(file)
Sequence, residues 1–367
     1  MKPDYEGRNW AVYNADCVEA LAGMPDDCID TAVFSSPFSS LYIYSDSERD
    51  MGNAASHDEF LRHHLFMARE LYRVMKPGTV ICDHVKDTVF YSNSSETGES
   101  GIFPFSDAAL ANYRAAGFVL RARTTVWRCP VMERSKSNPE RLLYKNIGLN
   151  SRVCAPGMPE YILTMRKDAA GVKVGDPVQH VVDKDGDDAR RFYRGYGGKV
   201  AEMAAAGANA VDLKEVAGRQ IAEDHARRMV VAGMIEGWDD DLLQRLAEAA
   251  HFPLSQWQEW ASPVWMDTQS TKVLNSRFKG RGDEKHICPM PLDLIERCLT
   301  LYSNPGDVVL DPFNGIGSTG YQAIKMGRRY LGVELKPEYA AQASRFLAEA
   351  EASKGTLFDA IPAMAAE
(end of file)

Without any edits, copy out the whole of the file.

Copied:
Sequence, residues 1–367
     1  MKPDYEGRNW AVYNADCVEA LAGMPDDCID TAVFSSPFSS LYIYSDSERD
    51  MGNAASHDEF LRHHLFMARE LYRVMKPGTV ICDHVKDTVF YSNSSETGES
   101  GIFPFSDAAL ANYRAAGFVL RARTTVWRCP VMERSKSNPE RLLYKNIGLN
   151  SRVCAPGMPE YILTMRKDAA GVKVGDPVQH VVDKDGDDAR RFYRGYGGKV
   201  AEMAAAGANA VDLKEVAGRQ IAEDHARRMV VAGMIEGWDD DLLQRLAEAA
   251  HFPLSQWQEW ASPVWMDTQS TKVLNSRFKG RGDEKHICPM PLDLIERCLT
   301  LYSNPGDVVL DPFNGIGSTG YQAIKMGRRY LGVELKPEYA AQASRFLAEA
   351  EASKGTLFDA IPAMAAE